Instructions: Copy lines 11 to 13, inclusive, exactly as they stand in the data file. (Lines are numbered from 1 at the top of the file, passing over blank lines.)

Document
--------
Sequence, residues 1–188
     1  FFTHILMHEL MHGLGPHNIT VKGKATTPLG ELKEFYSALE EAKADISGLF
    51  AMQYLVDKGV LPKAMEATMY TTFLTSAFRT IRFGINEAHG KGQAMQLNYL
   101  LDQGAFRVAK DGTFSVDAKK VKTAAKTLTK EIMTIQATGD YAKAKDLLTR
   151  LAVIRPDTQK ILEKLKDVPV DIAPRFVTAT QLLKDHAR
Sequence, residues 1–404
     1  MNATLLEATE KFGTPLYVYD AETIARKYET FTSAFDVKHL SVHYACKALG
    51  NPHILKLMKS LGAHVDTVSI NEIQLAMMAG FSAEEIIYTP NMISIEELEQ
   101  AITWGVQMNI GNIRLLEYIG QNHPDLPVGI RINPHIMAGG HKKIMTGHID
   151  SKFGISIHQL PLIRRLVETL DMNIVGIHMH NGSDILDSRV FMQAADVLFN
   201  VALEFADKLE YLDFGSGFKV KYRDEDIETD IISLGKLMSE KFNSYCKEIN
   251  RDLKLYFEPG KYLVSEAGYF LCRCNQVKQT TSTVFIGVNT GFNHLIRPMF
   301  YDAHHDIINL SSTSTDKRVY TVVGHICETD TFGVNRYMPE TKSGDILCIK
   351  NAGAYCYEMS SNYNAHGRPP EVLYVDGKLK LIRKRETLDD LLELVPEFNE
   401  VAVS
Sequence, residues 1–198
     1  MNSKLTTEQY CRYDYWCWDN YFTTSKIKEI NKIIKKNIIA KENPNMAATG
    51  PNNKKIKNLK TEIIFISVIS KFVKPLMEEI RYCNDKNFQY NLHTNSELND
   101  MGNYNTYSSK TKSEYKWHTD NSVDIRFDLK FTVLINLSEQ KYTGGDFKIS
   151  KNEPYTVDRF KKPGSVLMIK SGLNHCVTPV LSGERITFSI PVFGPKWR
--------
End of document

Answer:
   201  VALEFADKLE YLDFGSGFKV KYRDEDIETD IISLGKLMSE KFNSYCKEIN
   251  RDLKLYFEPG KYLVSEAGYF LCRCNQVKQT TSTVFIGVNT GFNHLIRPMF
   301  YDAHHDIINL SSTSTDKRVY TVVGHICETD TFGVNRYMPE TKSGDILCIK